Another step in the right direction for renewable energy in Australia as Carnegie Wave is switching on their onshore power station at their Perth Wave Energy project. The Carnegie project is the very first time that wave-powered electricity has been allowed to flow into any of Australia’s grids.
The project will sell power directly to the Australian Department of Defence in order to supply energy to their biggest naval base, HMAS Stirling located in Garden Island. Eventually the Carnegie project will expand their operation to also provide the naval base with fresh water. This second phase to occur once Carnegie’s commissioned desalination plant has been completely integrated into the overall project.
Carnegie Perth wave energy CETO 5 technology
This innovative Australian wave generated technology is unique in the sense that such CETO technology move in harmony with the waves from the ocean. Such movements in turn drive tethered seabed pumps in order to function underneath the water. This functioning also prevents corrosion from taking place as well as protects the system from storms.
The seabed pumps feed highly pressurised water directly into the onshore located hydroelectric power station as well as the desalination plant, which effectively supplies renewable energy and fresh water respectively.
The plant was switched on during February 2015, and the ceremony was attended by federal resources minister Ian Macfarlane. This is the peak of almost a decade’s worth of time and effort put into the research conducted by Carnegie Wave.
First wave energy network connected to an electricity grid worldwide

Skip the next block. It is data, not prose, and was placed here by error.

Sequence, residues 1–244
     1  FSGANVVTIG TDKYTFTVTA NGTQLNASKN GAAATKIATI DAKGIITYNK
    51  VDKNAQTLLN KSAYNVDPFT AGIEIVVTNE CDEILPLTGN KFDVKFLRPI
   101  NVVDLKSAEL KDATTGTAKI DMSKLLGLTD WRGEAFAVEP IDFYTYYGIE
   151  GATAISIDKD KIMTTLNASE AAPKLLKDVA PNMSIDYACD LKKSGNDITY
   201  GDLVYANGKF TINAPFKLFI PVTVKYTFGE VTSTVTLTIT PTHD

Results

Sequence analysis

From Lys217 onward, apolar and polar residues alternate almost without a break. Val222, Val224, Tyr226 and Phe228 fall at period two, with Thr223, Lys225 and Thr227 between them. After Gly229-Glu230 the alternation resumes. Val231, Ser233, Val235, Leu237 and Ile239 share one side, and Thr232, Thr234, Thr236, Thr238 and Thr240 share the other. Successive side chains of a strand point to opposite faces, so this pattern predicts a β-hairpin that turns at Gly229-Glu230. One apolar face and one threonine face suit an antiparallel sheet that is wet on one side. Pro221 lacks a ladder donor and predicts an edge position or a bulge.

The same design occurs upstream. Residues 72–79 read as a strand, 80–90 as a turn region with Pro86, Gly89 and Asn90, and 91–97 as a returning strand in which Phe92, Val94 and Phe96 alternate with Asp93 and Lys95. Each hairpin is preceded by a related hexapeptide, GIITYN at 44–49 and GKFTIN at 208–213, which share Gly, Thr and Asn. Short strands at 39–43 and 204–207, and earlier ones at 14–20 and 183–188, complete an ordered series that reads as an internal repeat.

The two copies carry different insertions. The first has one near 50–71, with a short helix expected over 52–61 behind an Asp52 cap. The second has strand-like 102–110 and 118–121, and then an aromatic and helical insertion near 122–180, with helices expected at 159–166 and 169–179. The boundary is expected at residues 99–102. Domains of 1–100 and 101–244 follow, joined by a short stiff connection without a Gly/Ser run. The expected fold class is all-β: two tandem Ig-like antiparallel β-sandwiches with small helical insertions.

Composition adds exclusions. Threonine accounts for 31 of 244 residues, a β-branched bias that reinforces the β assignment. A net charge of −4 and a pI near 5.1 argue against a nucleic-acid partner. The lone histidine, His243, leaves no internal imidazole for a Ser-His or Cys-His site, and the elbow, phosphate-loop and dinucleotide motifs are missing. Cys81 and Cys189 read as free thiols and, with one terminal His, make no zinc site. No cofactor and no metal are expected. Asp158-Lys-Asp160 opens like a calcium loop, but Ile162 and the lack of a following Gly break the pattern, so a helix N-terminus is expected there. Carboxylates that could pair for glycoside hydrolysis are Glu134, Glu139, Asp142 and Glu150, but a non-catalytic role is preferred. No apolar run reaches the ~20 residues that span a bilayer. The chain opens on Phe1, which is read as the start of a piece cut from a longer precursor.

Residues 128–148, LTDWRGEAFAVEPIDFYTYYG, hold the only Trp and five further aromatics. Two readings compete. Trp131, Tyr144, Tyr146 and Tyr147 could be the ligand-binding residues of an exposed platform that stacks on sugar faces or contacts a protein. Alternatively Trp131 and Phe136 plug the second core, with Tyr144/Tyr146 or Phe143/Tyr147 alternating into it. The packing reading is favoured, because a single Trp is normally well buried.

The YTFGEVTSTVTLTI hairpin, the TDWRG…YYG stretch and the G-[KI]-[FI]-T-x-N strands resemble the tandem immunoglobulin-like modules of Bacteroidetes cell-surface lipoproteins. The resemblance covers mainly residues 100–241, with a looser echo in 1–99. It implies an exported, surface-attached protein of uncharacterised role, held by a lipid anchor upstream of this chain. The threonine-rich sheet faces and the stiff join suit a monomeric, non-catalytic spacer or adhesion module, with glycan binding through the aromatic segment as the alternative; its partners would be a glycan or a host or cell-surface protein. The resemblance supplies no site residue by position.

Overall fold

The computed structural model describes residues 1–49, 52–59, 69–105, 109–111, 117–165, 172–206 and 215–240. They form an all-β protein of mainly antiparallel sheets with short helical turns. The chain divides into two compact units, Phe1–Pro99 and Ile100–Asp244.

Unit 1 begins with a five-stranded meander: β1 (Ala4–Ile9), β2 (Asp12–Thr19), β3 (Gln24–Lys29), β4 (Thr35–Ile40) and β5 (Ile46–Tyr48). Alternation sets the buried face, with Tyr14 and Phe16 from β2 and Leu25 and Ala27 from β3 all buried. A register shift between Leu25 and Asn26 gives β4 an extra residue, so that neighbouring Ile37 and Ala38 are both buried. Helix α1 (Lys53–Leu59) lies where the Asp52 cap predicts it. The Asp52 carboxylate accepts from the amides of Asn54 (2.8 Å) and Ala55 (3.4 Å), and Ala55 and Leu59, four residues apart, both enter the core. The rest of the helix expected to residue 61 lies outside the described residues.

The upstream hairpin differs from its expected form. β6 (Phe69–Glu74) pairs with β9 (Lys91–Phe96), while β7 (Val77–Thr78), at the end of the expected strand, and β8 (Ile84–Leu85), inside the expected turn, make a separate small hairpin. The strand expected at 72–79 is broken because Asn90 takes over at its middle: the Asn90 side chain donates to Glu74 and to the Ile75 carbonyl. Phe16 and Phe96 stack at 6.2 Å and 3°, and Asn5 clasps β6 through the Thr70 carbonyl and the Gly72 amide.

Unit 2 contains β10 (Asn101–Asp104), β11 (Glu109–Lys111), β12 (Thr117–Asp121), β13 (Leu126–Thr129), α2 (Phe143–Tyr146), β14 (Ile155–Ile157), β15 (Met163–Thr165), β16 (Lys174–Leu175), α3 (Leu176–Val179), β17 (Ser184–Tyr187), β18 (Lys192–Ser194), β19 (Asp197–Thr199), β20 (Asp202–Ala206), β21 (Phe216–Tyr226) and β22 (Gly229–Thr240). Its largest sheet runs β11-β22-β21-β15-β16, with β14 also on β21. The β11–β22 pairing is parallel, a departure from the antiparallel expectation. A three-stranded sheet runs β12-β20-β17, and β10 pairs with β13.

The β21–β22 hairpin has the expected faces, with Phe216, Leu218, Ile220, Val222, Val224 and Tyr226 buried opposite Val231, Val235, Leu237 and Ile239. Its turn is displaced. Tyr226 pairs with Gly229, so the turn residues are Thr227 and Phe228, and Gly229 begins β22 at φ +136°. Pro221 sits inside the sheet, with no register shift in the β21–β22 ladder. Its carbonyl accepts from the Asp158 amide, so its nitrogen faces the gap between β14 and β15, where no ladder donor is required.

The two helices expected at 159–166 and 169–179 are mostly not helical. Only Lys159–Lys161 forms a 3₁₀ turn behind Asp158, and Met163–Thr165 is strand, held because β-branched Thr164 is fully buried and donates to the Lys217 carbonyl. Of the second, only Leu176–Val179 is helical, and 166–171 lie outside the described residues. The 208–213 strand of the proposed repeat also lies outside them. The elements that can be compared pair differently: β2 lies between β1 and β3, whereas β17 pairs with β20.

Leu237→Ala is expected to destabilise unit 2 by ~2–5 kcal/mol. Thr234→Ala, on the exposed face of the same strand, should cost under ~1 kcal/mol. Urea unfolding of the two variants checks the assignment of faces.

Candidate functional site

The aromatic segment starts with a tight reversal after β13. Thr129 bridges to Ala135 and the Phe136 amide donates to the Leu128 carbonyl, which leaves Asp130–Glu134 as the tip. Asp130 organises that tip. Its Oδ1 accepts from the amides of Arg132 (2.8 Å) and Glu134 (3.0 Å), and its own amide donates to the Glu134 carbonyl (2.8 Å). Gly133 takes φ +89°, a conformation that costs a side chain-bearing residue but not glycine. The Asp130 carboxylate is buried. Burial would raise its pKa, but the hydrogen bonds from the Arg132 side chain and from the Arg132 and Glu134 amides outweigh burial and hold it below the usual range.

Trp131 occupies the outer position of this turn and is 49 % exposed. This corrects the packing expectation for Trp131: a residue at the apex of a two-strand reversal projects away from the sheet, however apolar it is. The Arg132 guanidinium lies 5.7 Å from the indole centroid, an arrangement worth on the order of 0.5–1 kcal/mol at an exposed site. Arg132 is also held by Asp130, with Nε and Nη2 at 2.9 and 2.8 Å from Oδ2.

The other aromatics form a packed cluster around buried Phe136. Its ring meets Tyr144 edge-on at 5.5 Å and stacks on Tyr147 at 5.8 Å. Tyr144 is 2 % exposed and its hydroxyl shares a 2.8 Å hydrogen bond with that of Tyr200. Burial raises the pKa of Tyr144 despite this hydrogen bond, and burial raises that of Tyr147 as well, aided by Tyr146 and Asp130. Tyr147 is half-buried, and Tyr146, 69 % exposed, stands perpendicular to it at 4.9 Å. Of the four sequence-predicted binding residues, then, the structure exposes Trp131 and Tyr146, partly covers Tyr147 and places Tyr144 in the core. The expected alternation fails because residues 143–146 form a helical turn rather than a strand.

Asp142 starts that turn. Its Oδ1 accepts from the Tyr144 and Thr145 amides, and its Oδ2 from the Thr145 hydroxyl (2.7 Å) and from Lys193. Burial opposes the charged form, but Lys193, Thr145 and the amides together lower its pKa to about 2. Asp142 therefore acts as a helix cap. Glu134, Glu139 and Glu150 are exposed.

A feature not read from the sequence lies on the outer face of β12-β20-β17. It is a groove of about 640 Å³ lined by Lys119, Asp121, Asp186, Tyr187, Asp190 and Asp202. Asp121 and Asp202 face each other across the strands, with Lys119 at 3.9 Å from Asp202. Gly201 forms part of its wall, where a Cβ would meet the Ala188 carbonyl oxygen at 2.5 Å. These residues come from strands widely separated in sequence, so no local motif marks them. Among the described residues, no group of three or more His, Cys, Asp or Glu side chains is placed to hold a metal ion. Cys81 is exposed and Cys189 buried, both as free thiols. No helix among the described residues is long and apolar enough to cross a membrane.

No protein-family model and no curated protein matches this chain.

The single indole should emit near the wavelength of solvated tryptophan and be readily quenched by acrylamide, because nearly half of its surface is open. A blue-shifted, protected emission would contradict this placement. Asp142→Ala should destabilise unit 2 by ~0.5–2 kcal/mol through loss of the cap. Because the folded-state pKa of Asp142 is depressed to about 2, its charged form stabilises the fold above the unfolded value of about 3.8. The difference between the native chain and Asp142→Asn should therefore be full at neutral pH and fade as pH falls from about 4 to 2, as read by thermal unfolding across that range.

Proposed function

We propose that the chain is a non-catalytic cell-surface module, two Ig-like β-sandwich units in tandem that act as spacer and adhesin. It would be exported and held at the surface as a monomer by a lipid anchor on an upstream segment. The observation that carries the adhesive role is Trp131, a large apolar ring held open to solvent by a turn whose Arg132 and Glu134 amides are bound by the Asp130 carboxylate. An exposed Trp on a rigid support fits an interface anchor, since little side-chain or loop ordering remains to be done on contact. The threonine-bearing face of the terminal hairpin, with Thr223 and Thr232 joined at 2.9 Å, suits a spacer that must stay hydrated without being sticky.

In depth testing was conducted during 2014 on the Carnegie project, especially after the installation of the company’s CETO 5 wave energy generation units, where the first 240 kW peak capacity operated successfully for more than 2,000 hours. Two have been installed so far and one more is still in the works. These are located just outside of Garden Island.
“This is the first array of wave power generators to be connected to an electricity grid in Australia and worldwide,” said Ivor Frischknecht – CEO of the Australian Renewable Energy Association, which provided $13 million of the $32 million project.
“Planning and design work has begun on Carnegie’s next generation CETO 6 technology, supported by $13 million ARENA funding,” he said.
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“These larger units are aiming to deliver around four times the capacity of CETO 5 units, improving efficiency and reducing energy generation costs.
Carnegie’s next generation CETO 6 technology under development
Carnegie has identified the next steps in order to evolve its technology towards better competitiveness regarding other types of power generation sources.
“This progress is a clear example that given time, and with the right government support, emerging renewable energy technologies can progress along the innovation chain towards commercialisation,” Frischknecht said.
“The lessons learned through Carnegie’s ARENA supported projects are being shared with the renewable energy industry to help reduce the hurdles facing other wave energy projects.”
Just the fact alone that this wave power station is the only one operating within the world is proof to the genius and assiduity of the Carnegie team. Company CEO Michael Ottaviano is very proud of he’s team and also thanked the WA as well as federal governments for their support concerning financial grants which aided the project in moving forward.